The sharply rising cost of EpiPens for people with allergies is prompting law makers to demand an investigation of the medicine’s manufacturer, Mylan.
EpiPens went from costing pharmacies less than $100 for a set (two pens) in 2007 to $461 for a set in May of last year and rose again to $608.61 this May, The New York Times reported. The drug contained in the single-use pens, epinephrene, is an emergency medical treatment for severe allergic reactions to foods, bites and stings, latex, medications, and other allergens.
It’s the latest example of a pharmaceutical company raising prices with seemingly little oversight and potentially disastrous consequences for people relying on the treatment. Last year, Martin Shkreli, C.E.O. of Turing Pharmaceuticals, raised the price of Daraprim, a drug used by AIDS and cancer patients, by 5000%. Previously, pharma giant Gilead faced a Senate investigation after pricing its Hepatitis-C medication Sovaldi at $84,000 for a 12–week course of treatment.
Parents feeling the cost of the price increase of EpiPens created an online petition for Mylan to reduce the drug’s cost (which as of Tuesday morning has 9,123 signatures) and took to Twitter to express their concerns:
Senator Chuck Grassley, chair of the Senate Judiciary Committee, wrote to Mylan’s C.E.O., Heather Bresch, on Monday asking for an explanation of the drug’s price hike since the company bought out rights to the drug in 2007. He expressed his concerns over the implications of price increase:
Senator Richard Blumenthal, D.-Connecticut, echoed the same sentiments in a letter blasting the “exorbitant price increases” of the EpiPen:
There is no direct competitor to the EpiPen on the market, but vials of epinephrene are available separately and can be administered with a syringe. But it’s a process that takes more training and precision than using an EpiPen, which uses an auto-injector with a preset amount of the drug. At least 10 states have begun to train more Emergency Medical Technicians to use those syringes because of the rising cost of EpiPens, The Week reported.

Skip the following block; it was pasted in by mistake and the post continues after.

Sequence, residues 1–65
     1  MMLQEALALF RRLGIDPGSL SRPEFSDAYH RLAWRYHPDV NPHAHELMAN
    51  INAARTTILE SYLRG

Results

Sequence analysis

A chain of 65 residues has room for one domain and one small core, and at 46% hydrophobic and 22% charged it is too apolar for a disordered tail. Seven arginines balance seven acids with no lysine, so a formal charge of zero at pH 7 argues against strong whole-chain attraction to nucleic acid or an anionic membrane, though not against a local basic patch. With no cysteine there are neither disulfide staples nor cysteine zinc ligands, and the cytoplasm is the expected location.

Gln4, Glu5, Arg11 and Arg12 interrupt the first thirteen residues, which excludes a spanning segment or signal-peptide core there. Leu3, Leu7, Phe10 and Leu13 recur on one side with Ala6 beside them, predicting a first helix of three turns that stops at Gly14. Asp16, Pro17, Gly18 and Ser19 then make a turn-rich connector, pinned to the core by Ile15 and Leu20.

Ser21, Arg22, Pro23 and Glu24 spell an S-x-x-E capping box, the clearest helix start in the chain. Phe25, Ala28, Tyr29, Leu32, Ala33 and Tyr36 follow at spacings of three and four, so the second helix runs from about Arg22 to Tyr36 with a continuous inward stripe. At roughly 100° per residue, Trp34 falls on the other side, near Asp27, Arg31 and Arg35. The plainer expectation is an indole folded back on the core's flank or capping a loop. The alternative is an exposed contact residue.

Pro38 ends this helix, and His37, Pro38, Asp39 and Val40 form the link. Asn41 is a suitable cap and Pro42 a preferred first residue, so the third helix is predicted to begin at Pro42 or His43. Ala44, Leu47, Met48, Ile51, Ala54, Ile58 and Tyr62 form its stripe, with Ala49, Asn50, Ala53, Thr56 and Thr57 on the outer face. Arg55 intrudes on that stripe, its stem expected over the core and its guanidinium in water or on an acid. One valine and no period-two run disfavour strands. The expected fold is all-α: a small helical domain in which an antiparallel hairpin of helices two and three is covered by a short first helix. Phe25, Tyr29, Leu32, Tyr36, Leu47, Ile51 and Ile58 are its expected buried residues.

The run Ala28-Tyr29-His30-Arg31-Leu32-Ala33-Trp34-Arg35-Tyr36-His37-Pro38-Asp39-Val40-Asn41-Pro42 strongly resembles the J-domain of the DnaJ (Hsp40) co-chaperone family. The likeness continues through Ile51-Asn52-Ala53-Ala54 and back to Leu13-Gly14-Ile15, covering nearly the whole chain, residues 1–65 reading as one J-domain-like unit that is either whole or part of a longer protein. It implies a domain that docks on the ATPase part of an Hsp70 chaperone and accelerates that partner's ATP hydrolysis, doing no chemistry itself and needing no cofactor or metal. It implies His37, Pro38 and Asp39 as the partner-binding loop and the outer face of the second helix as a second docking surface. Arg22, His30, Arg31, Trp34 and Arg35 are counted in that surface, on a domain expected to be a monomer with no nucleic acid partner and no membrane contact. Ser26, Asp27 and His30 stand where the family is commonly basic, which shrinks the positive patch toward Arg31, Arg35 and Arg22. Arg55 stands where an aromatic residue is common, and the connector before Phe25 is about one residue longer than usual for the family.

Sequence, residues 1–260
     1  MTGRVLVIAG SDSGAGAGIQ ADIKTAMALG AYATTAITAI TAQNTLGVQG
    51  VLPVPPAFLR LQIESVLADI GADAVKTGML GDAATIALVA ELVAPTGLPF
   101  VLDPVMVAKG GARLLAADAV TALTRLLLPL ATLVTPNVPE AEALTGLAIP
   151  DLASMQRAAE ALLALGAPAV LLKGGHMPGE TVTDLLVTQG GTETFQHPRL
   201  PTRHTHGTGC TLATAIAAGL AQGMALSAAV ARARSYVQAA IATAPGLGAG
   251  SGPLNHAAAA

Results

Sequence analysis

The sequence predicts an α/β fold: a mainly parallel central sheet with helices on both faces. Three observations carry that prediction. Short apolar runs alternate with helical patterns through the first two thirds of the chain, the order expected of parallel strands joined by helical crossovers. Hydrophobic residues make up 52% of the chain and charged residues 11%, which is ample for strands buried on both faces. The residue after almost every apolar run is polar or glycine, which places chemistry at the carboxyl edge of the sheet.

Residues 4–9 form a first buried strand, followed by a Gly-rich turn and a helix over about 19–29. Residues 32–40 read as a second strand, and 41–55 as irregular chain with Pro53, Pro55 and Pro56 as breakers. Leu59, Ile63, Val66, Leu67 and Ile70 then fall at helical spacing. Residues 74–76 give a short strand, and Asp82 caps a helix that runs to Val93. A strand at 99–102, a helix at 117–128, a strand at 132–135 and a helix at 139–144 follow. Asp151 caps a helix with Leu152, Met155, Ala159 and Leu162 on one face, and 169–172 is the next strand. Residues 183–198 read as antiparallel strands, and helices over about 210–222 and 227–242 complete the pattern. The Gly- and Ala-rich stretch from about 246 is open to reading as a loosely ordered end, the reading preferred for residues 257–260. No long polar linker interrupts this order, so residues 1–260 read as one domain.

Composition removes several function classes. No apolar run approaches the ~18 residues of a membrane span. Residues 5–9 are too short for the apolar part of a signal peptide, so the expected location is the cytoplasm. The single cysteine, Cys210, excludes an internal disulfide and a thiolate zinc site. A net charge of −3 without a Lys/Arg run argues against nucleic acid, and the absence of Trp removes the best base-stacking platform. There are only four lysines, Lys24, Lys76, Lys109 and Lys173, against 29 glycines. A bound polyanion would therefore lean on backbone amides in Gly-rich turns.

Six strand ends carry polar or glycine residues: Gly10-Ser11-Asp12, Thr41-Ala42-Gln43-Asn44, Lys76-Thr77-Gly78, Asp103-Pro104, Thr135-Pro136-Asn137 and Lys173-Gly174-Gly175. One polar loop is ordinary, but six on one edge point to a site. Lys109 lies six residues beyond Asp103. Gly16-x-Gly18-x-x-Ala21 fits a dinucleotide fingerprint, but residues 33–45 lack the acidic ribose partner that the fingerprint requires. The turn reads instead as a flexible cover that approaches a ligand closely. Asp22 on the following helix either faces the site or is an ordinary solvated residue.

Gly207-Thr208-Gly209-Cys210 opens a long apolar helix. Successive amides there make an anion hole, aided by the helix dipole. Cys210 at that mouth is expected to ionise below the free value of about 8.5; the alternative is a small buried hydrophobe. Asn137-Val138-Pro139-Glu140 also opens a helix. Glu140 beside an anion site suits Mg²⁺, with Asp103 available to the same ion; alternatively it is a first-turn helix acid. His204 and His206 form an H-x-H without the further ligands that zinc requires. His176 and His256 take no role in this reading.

“The price of the auto-injector has become a real issue, particularly for the small rural agencies,” Dr. Peter Taillac, chair of the medical directors council of the National Association of State EMS Officials, told the magazine.
Mylan issued a statement to the Times saying health insurance plans with high deductibles were to blame if people are paying more for the drug. They told the paper that because they offer a $100 coupon, very few people would have to pay anything for the drug out-of-pocket. But as the paper points out, the actual cost that consumers pay for EpiPens varies widely depending on their insurance and pricing at the particular pharmacy they buy from.
More than 50 million Americans have allergies, according to the Centers for Disease Control and Prevention. While there’s no clear number of people who die from anaphylaxis–an extreme allergic reaction–each year, a Yale study of death certificates from 1999 to 2010 found that allergies to medication caused 58.8% of allergy-related deaths. That was followed by unspecified anaphylaxis (19.3%), venom (15.2%) and food (6.7%). The study also found that black Americans are disproportionately affected by fatal anaphylaxis: they were more likely to have died from an allergic reaction over that period.
Mylan did not immediately respond to Fusion’s request for comment.